It has been a crazy week in the name of science communication.
It all started during the weekend when I spent a few hours of my free time helping in writing a press release about OMI achievements during the last 13 years. So, after a couple of late nights working, we came out with a decent text about how OMI atmospheric observations contributed to improve the understanding of the atmospheric processes and on how these results had great impact on society (available here in Finnish: http://ilmatieteenlaitos.fi/tiedote/426785029)
I also spent some time trying do develop a nice visualisation for my air pollution satellite data. I used again space-based gridded NO2 observations from OMI, onboard AURA NASA satellite. Nitrogen dioxide pollutes the air mainly as a result of road traffic and other fossil fuel combustion processes.
In the picture above you can have a look at the air pollution situation in Europe and the Middle-East for 2016. Darker colours correspond to the most polluted areas. In Europe, large pollution hotspots are visible in Central Europe and over the major cities (mainly do to road traffic) and industrial areas (Po Valley, Ruhr area and ore mining industrial area in Poland). In the Middle-East, pollution signatures from the oil extraction activities as well as from the main urban areas.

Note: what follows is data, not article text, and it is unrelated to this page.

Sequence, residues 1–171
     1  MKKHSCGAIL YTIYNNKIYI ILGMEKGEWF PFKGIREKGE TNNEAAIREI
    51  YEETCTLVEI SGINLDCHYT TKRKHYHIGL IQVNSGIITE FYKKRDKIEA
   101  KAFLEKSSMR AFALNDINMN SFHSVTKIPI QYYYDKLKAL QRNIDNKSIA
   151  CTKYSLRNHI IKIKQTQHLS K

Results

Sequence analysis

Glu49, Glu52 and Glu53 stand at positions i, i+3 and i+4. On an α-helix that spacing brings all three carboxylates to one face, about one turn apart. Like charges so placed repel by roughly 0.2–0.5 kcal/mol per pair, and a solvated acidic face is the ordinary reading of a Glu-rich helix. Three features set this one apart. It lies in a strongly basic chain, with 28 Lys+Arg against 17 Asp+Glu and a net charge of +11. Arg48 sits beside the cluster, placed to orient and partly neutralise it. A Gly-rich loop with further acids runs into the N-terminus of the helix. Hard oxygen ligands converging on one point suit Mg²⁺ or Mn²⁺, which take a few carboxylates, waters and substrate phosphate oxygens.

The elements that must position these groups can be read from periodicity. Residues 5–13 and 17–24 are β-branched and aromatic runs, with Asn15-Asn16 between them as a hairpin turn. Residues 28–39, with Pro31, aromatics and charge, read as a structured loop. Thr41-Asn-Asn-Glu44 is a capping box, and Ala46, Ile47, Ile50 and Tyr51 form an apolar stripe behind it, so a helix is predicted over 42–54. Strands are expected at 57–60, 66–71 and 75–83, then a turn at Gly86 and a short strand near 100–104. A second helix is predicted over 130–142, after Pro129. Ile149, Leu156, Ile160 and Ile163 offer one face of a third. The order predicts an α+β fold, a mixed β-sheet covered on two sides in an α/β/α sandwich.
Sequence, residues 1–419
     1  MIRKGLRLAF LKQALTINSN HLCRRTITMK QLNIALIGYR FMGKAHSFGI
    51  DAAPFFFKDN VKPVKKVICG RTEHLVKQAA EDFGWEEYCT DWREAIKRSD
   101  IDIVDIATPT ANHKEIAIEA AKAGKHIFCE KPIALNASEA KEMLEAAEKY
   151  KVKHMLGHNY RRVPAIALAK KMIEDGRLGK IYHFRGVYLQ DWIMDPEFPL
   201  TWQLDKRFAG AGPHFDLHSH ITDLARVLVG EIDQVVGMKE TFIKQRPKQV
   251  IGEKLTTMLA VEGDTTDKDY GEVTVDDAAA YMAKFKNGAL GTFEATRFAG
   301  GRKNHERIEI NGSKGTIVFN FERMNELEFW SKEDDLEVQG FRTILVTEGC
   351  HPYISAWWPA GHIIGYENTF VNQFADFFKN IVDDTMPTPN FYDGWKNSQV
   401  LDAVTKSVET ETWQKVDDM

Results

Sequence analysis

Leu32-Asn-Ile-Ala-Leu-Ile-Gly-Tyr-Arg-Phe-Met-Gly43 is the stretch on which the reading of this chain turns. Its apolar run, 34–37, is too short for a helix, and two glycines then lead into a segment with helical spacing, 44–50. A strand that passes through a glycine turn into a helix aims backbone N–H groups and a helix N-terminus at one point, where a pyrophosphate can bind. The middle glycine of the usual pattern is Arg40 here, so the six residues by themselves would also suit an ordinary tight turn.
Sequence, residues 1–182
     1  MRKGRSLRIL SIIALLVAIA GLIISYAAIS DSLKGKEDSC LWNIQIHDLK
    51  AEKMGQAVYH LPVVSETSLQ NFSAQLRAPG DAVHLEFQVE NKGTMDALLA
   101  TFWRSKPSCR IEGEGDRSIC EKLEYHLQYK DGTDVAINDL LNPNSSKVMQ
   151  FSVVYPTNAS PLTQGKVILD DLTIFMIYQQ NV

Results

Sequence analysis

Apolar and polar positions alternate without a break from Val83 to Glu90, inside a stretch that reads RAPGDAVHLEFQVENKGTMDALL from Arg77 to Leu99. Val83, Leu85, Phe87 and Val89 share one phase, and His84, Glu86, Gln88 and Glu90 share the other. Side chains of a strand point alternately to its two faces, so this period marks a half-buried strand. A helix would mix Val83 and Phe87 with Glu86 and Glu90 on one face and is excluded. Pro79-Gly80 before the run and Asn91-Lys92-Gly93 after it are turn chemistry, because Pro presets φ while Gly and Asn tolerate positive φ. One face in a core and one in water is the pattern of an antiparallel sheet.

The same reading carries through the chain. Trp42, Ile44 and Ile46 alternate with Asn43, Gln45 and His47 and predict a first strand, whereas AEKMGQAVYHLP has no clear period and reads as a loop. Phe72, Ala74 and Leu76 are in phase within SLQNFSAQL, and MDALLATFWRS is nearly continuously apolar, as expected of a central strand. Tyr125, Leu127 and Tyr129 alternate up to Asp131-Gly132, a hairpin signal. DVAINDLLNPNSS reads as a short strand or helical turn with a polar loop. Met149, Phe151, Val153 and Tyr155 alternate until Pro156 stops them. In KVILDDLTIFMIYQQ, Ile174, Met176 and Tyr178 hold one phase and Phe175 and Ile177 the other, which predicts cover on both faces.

So, after all this work we put the press release out on the FMI site, in preparation for the TROPOMI launch on Friday.
One hour later this happened:
After that, our hopes to get some attention from any journalist or to have any kind of impact on the public were gone. I never thought that my work would have anything to do with the President of Finland baby news, but it did. When we already gave up, we received a call from Helsingin Sanomat for an interview: so my pictures and the results of years of work will end up on the main Finnish newspaper early next week. I’ll get back to you on that on Monday. Moral of the story, I guess “never give up”.
Anyway, this week was TROPOMI week! Today ESA successfully launched its first Sentinel-satellite dedicated to atmospheric composition monitoring: Sentinel 5 Precursor with its only payload TROPOMI (Here the press release in Finnish). TROPOMI will continue OMI atmospheric observations with better spatial resolution and sensitivity. We organised a small happening here in FMI and everybody had the opportunity to get exited in company. The first signal was received and now we can enjoy this moment, knowing that we have opportunity to work on atmospheric remote sensing for hopefully many more years.
I have also got other good news, but I’ll tell you next week. 🙂